Tributes to Sydney Lotterby who leaves “a true legacy of laughter”

Stephen Chapman's picture
by Stephen Chapman

The BBC Director General has led tributes to comedy director and producer, Sydney Lotterby OBE, who’s died aged 93.

Since the 1960s, Lotterby has produced and directed some of the biggest comedy shows on British television.

His CV includes the likes of The Liver Birds, Likely Lads, Up Pompeii!, Porridge, Last of the Summer Wine, Some Mothers Do ‘Ave ‘Em, Open All House and Ever Decreasing Circles.

He also produced and directed Yes Minister and Yes, Prime Minister and As Time Goes By, amongst many others.

“Sydney Lotterby wasn’t just part of the golden age of British comedy - he made many of the shows that stand out as real icons of the period,” said BBC Director-General, Tony Hall.

"He will be hugely missed by many. Sydney leaves behind a true legacy of laughter.”

In an interview with The Stage and Television Today in 1980, Lotterby put his career down to luck.

“Absolute luck,” he said. “And I’ll prove it. Last of the Summer Wine wasn’t my programme at all, it was Jimmy Gilbert’s. He became the boss, somebody had to do it and it fell to me.

“Porridge was pure luck. A long time ago - it must have been 1972 - Jimmy was producing and I was one of 2 directors on a series built around Ronnie Barker and called Seven of One. Ronnie had just started to be talked about and I happened to fall for the script called Prisoner and Escort. That became Porridge,” he added.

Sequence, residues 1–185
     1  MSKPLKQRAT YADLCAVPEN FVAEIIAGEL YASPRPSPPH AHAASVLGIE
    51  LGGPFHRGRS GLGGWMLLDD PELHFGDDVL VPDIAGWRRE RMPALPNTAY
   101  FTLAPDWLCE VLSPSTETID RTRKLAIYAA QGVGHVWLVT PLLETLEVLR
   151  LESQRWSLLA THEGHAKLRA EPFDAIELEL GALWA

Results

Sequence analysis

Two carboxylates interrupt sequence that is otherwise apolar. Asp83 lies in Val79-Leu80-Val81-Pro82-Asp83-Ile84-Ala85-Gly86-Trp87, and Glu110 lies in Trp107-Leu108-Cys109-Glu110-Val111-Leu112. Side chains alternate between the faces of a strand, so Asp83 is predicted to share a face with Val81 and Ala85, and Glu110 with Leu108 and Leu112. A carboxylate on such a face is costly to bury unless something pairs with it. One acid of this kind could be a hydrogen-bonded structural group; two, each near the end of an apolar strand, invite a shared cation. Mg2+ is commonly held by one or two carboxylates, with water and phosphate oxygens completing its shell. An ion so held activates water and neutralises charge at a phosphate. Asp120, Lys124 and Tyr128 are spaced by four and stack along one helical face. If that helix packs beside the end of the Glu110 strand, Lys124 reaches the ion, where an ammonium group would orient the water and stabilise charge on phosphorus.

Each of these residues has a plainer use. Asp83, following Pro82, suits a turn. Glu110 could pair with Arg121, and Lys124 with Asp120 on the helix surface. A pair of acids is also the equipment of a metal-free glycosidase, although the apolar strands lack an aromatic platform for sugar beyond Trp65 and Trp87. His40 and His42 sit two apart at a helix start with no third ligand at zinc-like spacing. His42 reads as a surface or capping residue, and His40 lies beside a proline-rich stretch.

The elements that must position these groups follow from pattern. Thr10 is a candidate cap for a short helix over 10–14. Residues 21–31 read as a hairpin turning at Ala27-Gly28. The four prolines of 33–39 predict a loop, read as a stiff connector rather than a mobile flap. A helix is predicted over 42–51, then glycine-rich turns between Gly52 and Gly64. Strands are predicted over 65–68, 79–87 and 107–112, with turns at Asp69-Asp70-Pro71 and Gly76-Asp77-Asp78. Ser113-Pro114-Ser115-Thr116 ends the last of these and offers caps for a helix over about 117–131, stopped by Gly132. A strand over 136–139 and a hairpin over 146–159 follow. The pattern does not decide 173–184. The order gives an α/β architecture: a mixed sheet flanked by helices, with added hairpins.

“Yes Minister was done as a pilot in the early months of last year (1979). Then came the Election and there’s an embargo on political programmes at election time. 5 of the scripts had been written and a director had been brought in from outside to do the pilot. Then, when it came back this year, there was no director and I happened to be around.

“You see - luck.”

He started his career in television at Alexandra Palace after the war. He was in a job that he called “a baby cameraman” before becoming a senior cameraman and later technical director.

In 1958 he moved to the BBC’s Light Entertainment department as a production assistant, and later became a producer/director. He remained there for more than twenty years.

In the same interview he said:

“It’s a long time and in a way, it’s a bit sad. But I suppose we all become experts in our own little way and the Corporation doesn’t like letting us go to other departments. I think most of us would like to change our diet a little; after 20 years or so you do get a little stale.

“I think most comedy producers would like to have a go at drama, not to be bothered with audiences for a while and to bother about other things. I’d really like to do a love story. The borderline between comedy drama and situation comedy is very slight and I think there could be an interchange.”

He won 4 Baftas for comedy, for Porridge, Going Straight and Yes Minister.

His last directing role was the ninth series of As Time Goes By in 2002.